Elon Musk predicted in March 2021 that China will become the world’s largest economy. China will be Tesla’s main market as far as its production and sales are concerned. Tesla’s stock price skyrocketed higher by more than 700 percent in 2020. One of the main reasons behind the dizzying ascent of the stock was the market’s conviction in its China growth story. Since then, China’s narrative has developed some kinks. What do Tesla’s China troubles mean for NIO’s stock, one of its most formidable competitors in China?
Tesla’s China troubles now extend beyond quality issues, which Chinese consumers have faced for a long time. Regulators have been scrutinizing the company. Previously, the company’s vehicles were banned from military use due to security issues.
Tesla’s China troubles multiply
Tesla reported its April sales a few days ago, which came in 27 percent lower month-over-month. This was higher than the overall decline of 12 percent in NEV (new energy vehicles) sales for the month. While we can’t gauge a full picture based on just one data point, this certainly gains importance combined with its other China-centric issues.
The pressure is mounting on Tesla as reports of brake failures, crashes, and explosions have risen across the country. This has also drawn more scrutiny from regulators. During the Shanghai Auto Show, a woman claimed that Tesla’s brakes don’t work. A video of this incident went viral and generated a lot of negative sentiment for the company. Tesla has also being accused of being arrogant in its response to the complaint.
Tesla banned from China's military facility
Previously, China restricted the use of Tesla vehicles by “military staff and employees of key state-owned companies” citing concerns about national security risks through data gathered by the vehicles. While Musk has denied any claims of spying, this incident has dented the trust factor for Tesla in China.
Tesla’s China growth story hits the brakes
On May 11, Reuters ran an exclusive story claiming that Tesla has halted its plans to buy land to expand its Shanghai plant due to uncertainty related to U.S.-China tensions. Reportedly, through its expansion plans, Tesla planned to export its China-made Model 3 cars to other countries, including the U.S.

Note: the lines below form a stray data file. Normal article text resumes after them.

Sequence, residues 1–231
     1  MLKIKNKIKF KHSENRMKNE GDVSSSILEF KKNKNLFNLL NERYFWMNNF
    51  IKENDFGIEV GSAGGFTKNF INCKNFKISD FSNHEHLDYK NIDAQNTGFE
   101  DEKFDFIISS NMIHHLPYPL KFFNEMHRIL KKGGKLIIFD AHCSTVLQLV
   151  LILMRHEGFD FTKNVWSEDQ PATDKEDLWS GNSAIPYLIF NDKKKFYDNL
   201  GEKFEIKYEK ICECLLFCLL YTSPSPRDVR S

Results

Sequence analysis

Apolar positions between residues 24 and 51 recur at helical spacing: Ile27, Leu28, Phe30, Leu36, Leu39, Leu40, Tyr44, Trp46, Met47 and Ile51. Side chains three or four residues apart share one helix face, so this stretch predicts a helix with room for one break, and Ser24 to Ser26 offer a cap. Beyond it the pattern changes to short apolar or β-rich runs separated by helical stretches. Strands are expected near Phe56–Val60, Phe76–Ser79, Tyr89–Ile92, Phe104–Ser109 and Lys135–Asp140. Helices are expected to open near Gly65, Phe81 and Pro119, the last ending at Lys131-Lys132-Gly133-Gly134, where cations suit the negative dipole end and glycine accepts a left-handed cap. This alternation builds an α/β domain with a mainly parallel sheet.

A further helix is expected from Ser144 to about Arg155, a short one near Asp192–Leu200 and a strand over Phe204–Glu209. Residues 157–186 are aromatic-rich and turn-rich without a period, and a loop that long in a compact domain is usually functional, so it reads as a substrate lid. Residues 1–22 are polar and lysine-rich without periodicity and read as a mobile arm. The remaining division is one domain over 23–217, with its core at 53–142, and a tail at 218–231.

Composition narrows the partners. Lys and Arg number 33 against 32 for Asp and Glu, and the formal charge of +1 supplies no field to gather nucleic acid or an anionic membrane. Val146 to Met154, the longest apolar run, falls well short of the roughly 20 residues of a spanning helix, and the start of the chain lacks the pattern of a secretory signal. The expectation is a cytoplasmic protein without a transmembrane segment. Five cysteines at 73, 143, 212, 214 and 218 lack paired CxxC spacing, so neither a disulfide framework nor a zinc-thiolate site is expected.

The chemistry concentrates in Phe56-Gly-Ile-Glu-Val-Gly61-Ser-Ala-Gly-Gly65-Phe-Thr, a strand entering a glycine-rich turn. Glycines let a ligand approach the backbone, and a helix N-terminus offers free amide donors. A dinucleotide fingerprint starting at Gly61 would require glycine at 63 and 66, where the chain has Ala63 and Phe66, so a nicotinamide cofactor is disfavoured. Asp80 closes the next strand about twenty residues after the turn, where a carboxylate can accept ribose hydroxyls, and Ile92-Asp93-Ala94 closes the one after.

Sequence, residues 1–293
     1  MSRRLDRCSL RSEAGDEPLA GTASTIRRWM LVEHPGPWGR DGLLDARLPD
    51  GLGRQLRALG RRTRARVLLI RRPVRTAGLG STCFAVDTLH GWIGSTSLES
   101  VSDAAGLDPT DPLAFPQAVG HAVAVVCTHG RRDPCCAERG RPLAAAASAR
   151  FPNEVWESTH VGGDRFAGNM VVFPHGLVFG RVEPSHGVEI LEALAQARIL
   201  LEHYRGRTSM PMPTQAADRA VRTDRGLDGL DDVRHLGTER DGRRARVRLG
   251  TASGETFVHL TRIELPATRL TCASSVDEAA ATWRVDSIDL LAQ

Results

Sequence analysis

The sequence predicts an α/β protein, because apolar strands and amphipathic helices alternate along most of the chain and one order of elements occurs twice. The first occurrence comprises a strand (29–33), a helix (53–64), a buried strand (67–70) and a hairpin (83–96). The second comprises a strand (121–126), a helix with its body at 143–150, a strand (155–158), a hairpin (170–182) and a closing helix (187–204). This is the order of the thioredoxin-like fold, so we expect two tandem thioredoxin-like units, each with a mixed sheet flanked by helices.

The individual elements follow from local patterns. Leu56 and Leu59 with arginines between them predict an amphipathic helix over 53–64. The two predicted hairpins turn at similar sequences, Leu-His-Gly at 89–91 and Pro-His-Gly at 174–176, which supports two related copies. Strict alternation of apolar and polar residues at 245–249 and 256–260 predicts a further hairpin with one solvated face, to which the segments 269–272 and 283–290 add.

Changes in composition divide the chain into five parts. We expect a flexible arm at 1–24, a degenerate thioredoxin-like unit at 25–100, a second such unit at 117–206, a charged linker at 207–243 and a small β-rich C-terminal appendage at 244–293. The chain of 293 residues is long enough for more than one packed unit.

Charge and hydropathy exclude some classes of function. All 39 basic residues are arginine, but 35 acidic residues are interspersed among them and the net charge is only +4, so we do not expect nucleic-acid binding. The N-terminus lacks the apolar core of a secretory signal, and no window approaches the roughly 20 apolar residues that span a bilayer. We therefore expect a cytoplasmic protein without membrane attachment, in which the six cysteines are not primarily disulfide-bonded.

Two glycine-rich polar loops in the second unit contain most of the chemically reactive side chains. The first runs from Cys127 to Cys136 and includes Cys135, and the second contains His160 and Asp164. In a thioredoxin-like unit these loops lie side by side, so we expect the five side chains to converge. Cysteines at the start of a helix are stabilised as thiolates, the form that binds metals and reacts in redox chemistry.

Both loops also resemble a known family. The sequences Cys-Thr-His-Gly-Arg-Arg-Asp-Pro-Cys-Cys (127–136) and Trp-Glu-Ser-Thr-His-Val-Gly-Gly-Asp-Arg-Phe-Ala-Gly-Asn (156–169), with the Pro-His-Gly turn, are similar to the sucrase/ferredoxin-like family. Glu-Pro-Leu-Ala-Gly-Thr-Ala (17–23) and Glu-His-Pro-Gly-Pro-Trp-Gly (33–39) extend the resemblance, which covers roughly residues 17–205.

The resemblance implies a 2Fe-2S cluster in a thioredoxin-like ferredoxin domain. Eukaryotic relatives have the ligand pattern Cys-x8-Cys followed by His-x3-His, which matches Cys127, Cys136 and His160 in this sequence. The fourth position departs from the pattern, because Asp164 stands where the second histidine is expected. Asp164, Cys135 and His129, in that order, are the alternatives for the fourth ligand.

Tesla’s China troubles are positive for NIO.
NIO is one of the most formidable competitors for Tesla in China. Tesla’s fast rise in China has been one of the big factors dampening NIO's growth prospects. A dent in Tesla’s reputation, particularly the one related to its quality, could be positive for NIO. The premium EV demand in China could go to NIO instead of Tesla.
With the tech war and trade war between the U.S. and China still brewing, Tesla seems to be caught in the crossfire. Being Tesla’s second-biggest market, its growth prospects could take a severe hit if the China story doesn’t materialize. Being a domestic story, NIO will be able to sidestep all of these issues.
NIO’s fundamentals remain strong
NIO’s fundamentals, including the quality of its cars and service quality, are strong. NIO ranked best in the J.D. Power Inaugural China New Energy Vehicle Experience Index Study in August 2019, while Tesla was placed last among 32 major brands in the J.D. Power 2020 Initial Quality Study.
For any EV player to have a large scale, it will become almost imperative to have a significant presence in the world’s largest EV market. China is known to prefer its homegrown brands over foreign ones. The backlash from public and regulator scrutiny could give authorities a solid reason to sideline Tesla, which could be positive for NIO.
It's a well-known fact that NIO has backing from Chinese authorities. NIO’s vehicles attracted an EV subsidy despite of being priced highly. The company also got an effective bailout from the Hefei government last year. These factors might make NIO much more attractive to investors who believe in China’s EV growth story.